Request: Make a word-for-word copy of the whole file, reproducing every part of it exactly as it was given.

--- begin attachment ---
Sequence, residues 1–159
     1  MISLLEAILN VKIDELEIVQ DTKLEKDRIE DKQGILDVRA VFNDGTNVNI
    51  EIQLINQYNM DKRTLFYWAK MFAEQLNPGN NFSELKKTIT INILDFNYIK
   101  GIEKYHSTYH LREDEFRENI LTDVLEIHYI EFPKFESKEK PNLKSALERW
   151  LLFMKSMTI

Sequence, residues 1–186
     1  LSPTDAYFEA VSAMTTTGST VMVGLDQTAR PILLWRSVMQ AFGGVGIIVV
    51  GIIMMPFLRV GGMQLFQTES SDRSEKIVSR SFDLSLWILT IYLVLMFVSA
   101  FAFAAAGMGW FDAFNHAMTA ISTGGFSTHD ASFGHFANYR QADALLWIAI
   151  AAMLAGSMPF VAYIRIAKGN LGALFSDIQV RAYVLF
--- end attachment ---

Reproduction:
Sequence, residues 1–159
     1  MISLLEAILN VKIDELEIVQ DTKLEKDRIE DKQGILDVRA VFNDGTNVNI
    51  EIQLINQYNM DKRTLFYWAK MFAEQLNPGN NFSELKKTIT INILDFNYIK
   101  GIEKYHSTYH LREDEFRENI LTDVLEIHYI EFPKFESKEK PNLKSALERW
   151  LLFMKSMTI

Sequence, residues 1–186
     1  LSPTDAYFEA VSAMTTTGST VMVGLDQTAR PILLWRSVMQ AFGGVGIIVV
    51  GIIMMPFLRV GGMQLFQTES SDRSEKIVSR SFDLSLWILT IYLVLMFVSA
   101  FAFAAAGMGW FDAFNHAMTA ISTGGFSTHD ASFGHFANYR QADALLWIAI
   151  AAMLAGSMPF VAYIRIAKGN LGALFSDIQV RAYVLF